Long and lean road to reviving South African Airways

lign="center">The North-West University’s Ofentse Mokwena, a transport economist, takes a look at South African Airways’ dire financial and management situation. He also elucidates on some possible solutions.

South African Airways (SAA) had hidden vulnerabilities while it was in Transnet Ltd up to the mid-2000s. But leading up to that, it operated in an environment where the Department of Public Enterprises had ambitions of transforming state-owned enterprises (SOEs) through equity partnerships and listing them on the JSE. This required significant governance reforms, which, as we have seen from the Organisation for Economic Cooperation and Development, are very complex, and each country will have unique approaches to managing their SOEs.

The issues started when Transnet Ltd restructured to focus on freight logistics, with the SAA intending to operate as a stand-alone SOE. In 2005 the airline planned to improve its financial position through a diversified strategy that would focus on reducing its cost base and enhancing its service offering. However, by 2009 the airline had already committed to increasing its fleet capacity – ahead of achieving the goals it had set for itself in 2005. This strategically premature step would expose the SAA to increasing its fleet capacity and a need to justify or protect its operational offering, and changes in governance made the issues worse.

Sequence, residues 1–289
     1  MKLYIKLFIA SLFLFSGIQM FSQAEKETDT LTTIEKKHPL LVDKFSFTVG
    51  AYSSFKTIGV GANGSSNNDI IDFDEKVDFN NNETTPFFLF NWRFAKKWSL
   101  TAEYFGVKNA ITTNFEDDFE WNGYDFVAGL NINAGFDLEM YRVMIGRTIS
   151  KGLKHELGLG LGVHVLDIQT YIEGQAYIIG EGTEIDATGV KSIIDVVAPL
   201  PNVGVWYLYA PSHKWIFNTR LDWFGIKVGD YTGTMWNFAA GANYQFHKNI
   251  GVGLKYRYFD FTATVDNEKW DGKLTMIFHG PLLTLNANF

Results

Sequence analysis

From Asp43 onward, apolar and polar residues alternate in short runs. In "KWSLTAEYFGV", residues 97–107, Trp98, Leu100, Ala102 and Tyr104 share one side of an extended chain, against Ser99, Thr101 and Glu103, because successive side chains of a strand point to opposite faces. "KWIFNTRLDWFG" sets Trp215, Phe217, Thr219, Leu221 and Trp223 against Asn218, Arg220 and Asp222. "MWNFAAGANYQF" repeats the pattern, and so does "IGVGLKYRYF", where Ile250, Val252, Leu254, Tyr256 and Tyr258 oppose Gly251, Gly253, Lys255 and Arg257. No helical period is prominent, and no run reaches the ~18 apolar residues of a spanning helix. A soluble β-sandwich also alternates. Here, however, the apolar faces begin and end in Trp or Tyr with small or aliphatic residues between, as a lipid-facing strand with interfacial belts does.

Today the airline is facing a complex situation, with its existence under scrutiny, the cost of a lifeline being a moral debate, and the possibility of partnerships that could enable a soft landing, though not necessarily saving the airline.

Blame the lack of conditions

Increasing fleet capacity implied much higher costs – more aircrafts meant more potential revenue, yes, but it also meant higher fuel-, labour- and airport-related costs, in addition to the cost of ownership or leasing of aircraft.

At the same time, from an economic regulation perspective, the SAA was embroiled in direct and indirect anti-competitive practices, which were an instrument to help justify the massive cost base – starting off with unfair incentives to travel agents, and maturing into the consistent perpetual bailouts from the state.

Lastly, the board that was involved in the original strategy of 2005 was changed from 2009 onwards. The new board was not sufficiently acquainted with the base plan, and found an airline already trapped in an aircraft deal. A by-product of this was the massive procurement of turnaround strategies from various service providers being published almost every year, but with limited implementation.

For starters, to find someone to blame is nearly impossible. However, the role of the Department of Public Enterprises in overseeing the implementation of a shareholder compact, possibly represented in the turnaround strategies, was expected. In other words, the bailouts were equivalent to handouts because they were unconditional, and this is not consistent with international best practice. An airline is bailed out with conditions: maybe to retain staff, reduce its fleet, reduce costs and improve efficiencies – all within a specific time frame.

A picture bigger than privatisation